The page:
photo: Freeman's Auctioneers
November 17, 2010
To the Board of the Burlington County Historical Society:
It has come to my attention that the Burlington County Historical Society has deaccessioned and is selling their collection of New Jersey samplers. As a former museum curator at Belle Meade Plantation in Nashville, TN, I am writing to urge you to withdraw the sampler collection from the sale. Before I moved to Tennessee in 1989, I lived in Berkeley Heights, NJ, for 15 years. It was there that I developed my love for American samplers when I attended sampler exhibits at the Museum of American Folk Art and the Cooper-Hewitt. I also visited the Burlington County Historical Society several times and was extremely impressed at the quantity and the superb quality of your sampler collection.
I am now involved in a project to locate and document samplers made in Tennessee before 1900. It was previously thought that there were few samplers made in the South. After living here a few years, I discovered that was not the truth, and have been endeavoring to disclaim it ever since. Samplers were an important part of female education in the 18th and 19th century in the South as well as the North. Researching and studying them can reveal a lot about the past, not only about female education, but about culture, economics, politics, and women's place in society. Your mission statement says that you believe in research and teaching New Jersey history. If that is true, how can you even think about deaccessioning primary artifacts? As an avid researcher, I can tell you that there is no substitute for examining primary artifacts!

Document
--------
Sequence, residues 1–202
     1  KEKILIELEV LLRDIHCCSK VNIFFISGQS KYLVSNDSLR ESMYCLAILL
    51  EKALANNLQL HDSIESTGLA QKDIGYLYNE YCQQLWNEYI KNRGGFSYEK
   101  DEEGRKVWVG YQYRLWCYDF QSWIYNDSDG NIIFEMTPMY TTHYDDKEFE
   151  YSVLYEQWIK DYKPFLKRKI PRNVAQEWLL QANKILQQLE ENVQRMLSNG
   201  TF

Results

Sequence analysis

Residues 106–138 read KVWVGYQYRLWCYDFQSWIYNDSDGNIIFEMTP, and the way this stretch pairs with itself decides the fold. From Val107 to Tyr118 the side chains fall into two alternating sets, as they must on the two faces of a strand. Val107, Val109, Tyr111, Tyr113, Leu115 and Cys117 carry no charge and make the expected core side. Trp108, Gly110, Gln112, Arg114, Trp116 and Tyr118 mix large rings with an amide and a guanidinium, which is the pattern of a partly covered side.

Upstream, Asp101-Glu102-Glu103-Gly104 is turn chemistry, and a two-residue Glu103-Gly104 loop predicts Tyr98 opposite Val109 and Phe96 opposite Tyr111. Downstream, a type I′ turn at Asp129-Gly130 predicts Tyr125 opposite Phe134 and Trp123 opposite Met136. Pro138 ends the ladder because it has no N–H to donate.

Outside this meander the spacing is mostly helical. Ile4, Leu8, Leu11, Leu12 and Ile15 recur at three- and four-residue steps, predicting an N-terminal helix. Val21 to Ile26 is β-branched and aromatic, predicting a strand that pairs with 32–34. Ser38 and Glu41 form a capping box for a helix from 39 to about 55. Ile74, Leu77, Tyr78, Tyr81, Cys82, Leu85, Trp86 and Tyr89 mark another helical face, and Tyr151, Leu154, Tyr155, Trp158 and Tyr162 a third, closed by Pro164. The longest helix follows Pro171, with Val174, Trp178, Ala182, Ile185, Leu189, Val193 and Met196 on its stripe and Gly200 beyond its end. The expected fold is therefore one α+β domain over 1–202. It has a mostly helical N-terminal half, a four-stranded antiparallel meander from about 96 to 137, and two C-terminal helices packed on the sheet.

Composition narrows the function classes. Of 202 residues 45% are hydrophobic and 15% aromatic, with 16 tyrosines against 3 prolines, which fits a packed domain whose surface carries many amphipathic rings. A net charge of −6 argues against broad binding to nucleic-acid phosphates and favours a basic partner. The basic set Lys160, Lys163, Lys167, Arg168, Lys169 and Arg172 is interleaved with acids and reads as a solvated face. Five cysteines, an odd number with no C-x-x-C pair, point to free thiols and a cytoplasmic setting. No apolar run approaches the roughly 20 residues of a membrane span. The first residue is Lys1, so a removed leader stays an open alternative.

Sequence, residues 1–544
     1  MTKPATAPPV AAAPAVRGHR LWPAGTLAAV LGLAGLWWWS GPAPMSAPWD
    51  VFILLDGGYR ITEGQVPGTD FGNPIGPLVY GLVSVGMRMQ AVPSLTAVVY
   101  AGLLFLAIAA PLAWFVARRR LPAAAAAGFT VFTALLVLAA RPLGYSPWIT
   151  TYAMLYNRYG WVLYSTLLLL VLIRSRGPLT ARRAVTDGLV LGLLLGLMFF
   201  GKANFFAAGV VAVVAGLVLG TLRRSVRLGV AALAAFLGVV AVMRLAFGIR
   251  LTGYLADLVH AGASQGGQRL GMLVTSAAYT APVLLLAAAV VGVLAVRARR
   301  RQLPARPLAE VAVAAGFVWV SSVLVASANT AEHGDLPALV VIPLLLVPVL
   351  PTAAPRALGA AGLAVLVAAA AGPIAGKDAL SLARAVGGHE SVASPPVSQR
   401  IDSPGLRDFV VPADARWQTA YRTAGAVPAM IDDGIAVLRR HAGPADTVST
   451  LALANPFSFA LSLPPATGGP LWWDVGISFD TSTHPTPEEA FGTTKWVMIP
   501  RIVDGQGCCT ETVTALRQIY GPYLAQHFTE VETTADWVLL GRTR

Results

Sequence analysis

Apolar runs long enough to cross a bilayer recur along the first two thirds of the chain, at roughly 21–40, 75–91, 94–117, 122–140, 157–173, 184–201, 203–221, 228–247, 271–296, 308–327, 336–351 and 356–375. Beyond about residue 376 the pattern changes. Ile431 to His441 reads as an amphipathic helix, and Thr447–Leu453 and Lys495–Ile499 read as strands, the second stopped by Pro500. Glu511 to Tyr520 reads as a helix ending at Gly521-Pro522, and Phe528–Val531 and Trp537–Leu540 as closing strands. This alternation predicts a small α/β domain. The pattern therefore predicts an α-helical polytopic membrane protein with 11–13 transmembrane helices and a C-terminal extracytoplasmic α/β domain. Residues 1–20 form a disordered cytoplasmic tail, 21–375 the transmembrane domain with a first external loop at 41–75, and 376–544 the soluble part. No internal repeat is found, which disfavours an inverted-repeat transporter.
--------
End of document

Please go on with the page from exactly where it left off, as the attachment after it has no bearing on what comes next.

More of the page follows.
You claim you want to use the money for turning the museum into a more interactive museum for students. The American Association of Museums Code of Ethics states: "Proceeds from the sale of nonliving collections are to be used consistent with the established standards of the museum's discipline, but in no event shall they be used for anything other than acquisition or direct care of collections." Your stated goal for the funds raised by this sale is in direct violation of this. I suggest you contact the AAM or your accountant before you proceed with this sale.Janet S. Hasson
Tennessee Sampler Survey